For the record, Corvallis won both the Class A girls’ and boys’ titles. In Class B, the boys’ champion is Manhattan with Missoula Loyola taking the girls’ title. And in Class C, Charlo won the boys’ title and North Star — an amalgam of towns along the Hi-Line — is the girls’ champion.
Because of the large pool of athletes in the 14 big schools — and more coaches and other opportunities — it is common for Class AA to capture the fastest, highest or longest marks in the 10 track and seven field events. But there are always exceptions.
This year, Class A athletes had the best marks in pole vault, both boys and girls, and the winning Class A boys’ javelin mark was the longest of all classes. The Class B boys’ discus mark tied that of Class AA, and the Class A and B boys’ high jump marks tied for the best.
In girls’ javelin, the two longest throws were by Class B girls, and the girls’ 3200 meter winning time was fastest in all classes. Class C boys had one overall best: in the 110 meter hurdles.
Besides Aragon’s 800 meter all-class record, one other record was broken: Kwyn Johnson of Flathead (Kalispell) surpassed a year-old record in Class AA girls’ triple jump with a mark of 38 feet, 34.75 inches.
Fans for decades
Elizabeth and I have been track and field fans for decades. We like the variety of events and the purity of competing not only against other athletes but against one’s own limitations. We remember watching a television program called “ABC’s Wide World of Sports,” which showed a lot of world level track meets back in the 1960s into the ‘70s.
But what kicked us into the category of serious fan was our daughter Rhiannon, who showed some aptitude for running in grade school and ended up holding the Roundup High School 3200 meter record for eight years and the 1600 meter record for five years.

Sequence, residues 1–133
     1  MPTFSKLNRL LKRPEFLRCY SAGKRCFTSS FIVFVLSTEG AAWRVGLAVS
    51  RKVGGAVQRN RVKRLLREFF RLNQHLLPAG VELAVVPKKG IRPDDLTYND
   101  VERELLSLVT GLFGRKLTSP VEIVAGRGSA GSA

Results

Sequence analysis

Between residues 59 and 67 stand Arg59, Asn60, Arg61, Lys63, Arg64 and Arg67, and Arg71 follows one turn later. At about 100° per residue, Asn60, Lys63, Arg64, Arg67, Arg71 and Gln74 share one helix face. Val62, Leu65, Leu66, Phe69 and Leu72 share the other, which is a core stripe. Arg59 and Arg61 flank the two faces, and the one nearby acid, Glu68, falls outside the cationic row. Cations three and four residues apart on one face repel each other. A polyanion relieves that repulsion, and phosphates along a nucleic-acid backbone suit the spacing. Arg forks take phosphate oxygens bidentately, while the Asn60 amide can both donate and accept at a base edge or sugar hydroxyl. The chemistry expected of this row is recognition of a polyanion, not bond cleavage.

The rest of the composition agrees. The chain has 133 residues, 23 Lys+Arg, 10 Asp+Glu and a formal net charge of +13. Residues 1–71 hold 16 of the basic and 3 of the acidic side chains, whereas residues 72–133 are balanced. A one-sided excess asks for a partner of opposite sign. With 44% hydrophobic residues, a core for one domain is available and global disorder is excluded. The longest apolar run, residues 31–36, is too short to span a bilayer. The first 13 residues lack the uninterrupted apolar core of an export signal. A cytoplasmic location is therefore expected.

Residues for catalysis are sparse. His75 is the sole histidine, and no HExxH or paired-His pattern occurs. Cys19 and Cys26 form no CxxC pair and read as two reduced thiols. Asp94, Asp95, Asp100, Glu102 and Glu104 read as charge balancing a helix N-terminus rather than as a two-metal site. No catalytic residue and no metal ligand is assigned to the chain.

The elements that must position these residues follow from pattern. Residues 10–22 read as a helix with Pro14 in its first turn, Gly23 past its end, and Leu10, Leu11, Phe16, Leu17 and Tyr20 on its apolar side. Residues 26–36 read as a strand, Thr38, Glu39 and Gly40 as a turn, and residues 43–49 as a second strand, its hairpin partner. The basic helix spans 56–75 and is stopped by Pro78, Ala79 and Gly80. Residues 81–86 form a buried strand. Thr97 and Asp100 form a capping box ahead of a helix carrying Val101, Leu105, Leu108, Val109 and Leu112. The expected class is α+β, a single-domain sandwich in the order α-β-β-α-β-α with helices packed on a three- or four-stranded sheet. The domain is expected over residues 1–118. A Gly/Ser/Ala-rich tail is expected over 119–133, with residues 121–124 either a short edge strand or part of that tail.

Another girl, Rory Vescovi, challenged Rhiannon’s school records for four years until she finally got them both in her final state meet in 2002 — the same meet where Heidi Lane set the still-existing 1600 meter all-class record.
Until a few years ago, “distance runners” were not allowed to run more than the 1600 and 3200 at a single meet. You could not do what both Danielle Aragon and her older sister Alexa did for Billings Senior, and what numerous other runners from schools large and small have been doing. You could not run the 800 as well, nor the 400.
That was fine with our daughter: Those two longer races were enough for her, especially since Montana rules did allow the distance people to take part in relays. Small schools don’t have the large pools of athletes to draw from in forming relay teams, and Rhiannon did have decent speed in the 400, so she always ended up doing one lap of the 1600 meter relay.
Unleashing the distance runners
Now it is common to see runners of both genders doing all three longer races, with more and more of them also competing in the 400. For example, a freshman runner out of Big Fork – Makena Morley – ran all four races at the State Class B Meet this year. Morley finished sixth in the 400 but won the other three races, and her time in the 3200 (11:02.97) was more than six seconds faster than Aragon’s. So she’s for real.
They just keep rising up, the new ones. Here in Roundup a girl who’ll be a freshman next year has run better junior high times in the 800 and 1600 (the 3200 is not run in junior high) than did our daughter or the girl who succeeded our daughter. If she stays healthy, and dedicated, we’re looking to see some new high school records in the next couple of years.
As for Danielle Aragon, she’ll be following her older sister Alexa to Notre Dame. At an April track meet in Billings, the Aragon girls’ father, Chuck, told me that Alexa had recently qualified for the college national championships in the 3000 meter steeplechase.
With both Aragon girls now gone, you might think coaches in schools would be breathing sighs of relief – except that another Aragon daughter is coming along.
Christina is her name, and she’s a runner, too. Next fall she’ll be a freshman at Billings Senior High.